The financial services industry has come a long way since the horrible days of 2008 and what seemed at the time like impending doom.
The balance sheets of the country’s biggest banks have been painfully rebuilt – in Lloyds’ case so robustly that the government is now planning to sell £2 billion of shares it bought in the wake of the financial crisis to retail investors (the likes of you and me rather than big City institutions).
All things being well, the shares will go on sale next spring at a 5% discount to their market price with bonus shares on offer to those who hold them for more than a year. If you haven’t done so already, register your interest now – it seems like an investment no-brainer.
We also have a more competitive banking industry than we had seven years ago with the likes of Aldermore, Metro and TSB (spun out of Lloyds) all vying for our business – helped by new rules that now make account switching a joy rather than a chore.
So time to rejoice at the emergence of a competitive banking sector as part of a wider financial services industry where the consumer roams supreme? Sadly not. In your dreams more like.
In recent months, there have been a number of changes in the composition of the financial services landscape that should set alarm bells ringing in the ears of all consumers. These changes have resulted in a weakening in the voice of the consumer.
As one leading financial academic – a fervent consumerist – told me recently over a skinny latte: “Producer interests are being allowed to undermine the consumer, destroying the purpose of markets”.
Consumer rights, he adds, are being threatened, creating an environment where the banks could start once again to ride roughshod over customers. A frightening prospect.
He blames the government and, in particular, George Osborne’s ‘new settlement with the City’ for this worrying sea change. Banks, badly beaten up for their part in the 2008 financial crisis and fined to the hilt for a series of misselling deeds, are now being allowed to determine the travel of financial regulation. As a result, consumer safeguards are being weakened.
A proposed law that would have made bank executives more accountable for wrongdoing at their institutions has been seriously diluted, as have plans to ringfence the retail operations of banks, protecting customers from riskier investment banking activities going wrong elsewhere within the business.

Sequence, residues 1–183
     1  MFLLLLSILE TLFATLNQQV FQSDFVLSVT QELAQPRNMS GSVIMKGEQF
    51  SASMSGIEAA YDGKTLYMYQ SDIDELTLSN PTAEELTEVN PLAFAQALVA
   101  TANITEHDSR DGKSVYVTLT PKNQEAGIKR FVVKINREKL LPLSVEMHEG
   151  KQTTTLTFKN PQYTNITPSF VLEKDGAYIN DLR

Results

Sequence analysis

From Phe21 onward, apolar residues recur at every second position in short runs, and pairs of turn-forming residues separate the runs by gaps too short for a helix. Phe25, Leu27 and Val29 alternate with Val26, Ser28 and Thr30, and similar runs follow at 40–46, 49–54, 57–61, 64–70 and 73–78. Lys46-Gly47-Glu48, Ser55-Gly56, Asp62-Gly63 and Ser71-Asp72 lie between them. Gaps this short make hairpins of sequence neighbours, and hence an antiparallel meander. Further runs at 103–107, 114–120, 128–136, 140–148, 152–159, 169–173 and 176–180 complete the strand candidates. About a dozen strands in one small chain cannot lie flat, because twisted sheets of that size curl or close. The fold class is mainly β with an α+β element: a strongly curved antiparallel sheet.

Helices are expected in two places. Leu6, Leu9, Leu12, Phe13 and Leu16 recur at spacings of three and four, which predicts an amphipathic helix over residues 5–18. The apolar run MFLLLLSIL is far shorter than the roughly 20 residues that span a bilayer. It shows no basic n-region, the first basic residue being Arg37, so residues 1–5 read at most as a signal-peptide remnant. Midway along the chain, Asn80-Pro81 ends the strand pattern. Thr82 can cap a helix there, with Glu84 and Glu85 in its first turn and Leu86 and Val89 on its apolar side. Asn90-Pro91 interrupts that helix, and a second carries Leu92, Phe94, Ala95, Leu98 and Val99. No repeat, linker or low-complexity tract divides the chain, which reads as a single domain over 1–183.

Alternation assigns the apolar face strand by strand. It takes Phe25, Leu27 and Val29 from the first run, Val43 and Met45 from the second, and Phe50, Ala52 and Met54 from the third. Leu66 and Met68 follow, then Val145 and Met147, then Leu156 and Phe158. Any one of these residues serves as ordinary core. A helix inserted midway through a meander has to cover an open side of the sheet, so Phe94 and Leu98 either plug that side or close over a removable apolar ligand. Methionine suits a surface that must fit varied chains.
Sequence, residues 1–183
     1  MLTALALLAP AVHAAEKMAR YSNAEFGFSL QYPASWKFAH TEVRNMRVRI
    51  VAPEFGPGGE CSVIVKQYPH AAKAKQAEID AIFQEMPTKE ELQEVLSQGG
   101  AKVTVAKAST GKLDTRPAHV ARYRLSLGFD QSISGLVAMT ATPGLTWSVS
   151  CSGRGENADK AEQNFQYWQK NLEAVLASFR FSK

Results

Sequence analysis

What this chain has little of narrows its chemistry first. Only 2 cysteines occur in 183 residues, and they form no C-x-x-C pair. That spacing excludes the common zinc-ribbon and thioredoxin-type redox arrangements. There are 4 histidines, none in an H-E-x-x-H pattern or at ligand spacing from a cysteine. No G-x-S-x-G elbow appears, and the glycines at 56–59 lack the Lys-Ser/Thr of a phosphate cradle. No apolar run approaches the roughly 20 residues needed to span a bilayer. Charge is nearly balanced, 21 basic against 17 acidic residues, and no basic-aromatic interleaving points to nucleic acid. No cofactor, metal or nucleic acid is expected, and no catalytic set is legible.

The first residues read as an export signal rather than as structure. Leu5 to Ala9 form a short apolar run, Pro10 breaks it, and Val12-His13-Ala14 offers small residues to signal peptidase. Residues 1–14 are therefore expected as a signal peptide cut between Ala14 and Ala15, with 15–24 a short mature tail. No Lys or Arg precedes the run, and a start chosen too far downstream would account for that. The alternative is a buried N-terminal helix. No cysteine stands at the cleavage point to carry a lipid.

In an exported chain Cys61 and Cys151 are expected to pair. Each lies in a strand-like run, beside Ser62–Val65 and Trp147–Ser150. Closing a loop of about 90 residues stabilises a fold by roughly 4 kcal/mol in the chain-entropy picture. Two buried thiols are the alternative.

Yet it’s the changes at the City’s regulator that most trouble my academic. He says the recent axing of Martin Wheatley as head of the Financial Conduct Authority (FCA) is a worrying development.
Wheatley was brought in to head up the FCA when the Financial Services Authority was found not to be fit for purpose and asleep at the wheel in the lead-up to the financial crisis. It was disbanded.
He came in with a great big whip, determined to carry out the regulator’s stated aim, which is to ensure consumers get a fair deal and that buyers of financial products are assured firms have their best interests at heart.
He cracked his whip fiercely, fining individual banks for their part in payment protection insurance misselling and the fixing of interest rates.The banks didn’t like it and they let Osborne know. So the whipping had to stop. Wheatley was seen as too pro-consumer and shown the exit door to make way, presumably, for someone who is happy to subject the banks to a lighter regulatory touch.
There are now also concerns that the regulator’s governing board is changing in composition for the worse, as some members known for their consumer zealotry are being replaced by less passionate individuals.
Recently, Bank of England regulator Paul Fisher warned that the ‘siren voices’ of the banks were attempting to dilute regulation aimed at averting another 2008 financial crisis – “voices of financial self-interest that were partly responsible for luring us on the rocks in the first place”. This is exactly what my academic thinks.
As buyers of financial products – everything from bank accounts through to mortgages – we should all be worried. Extremely worried. We deserve better.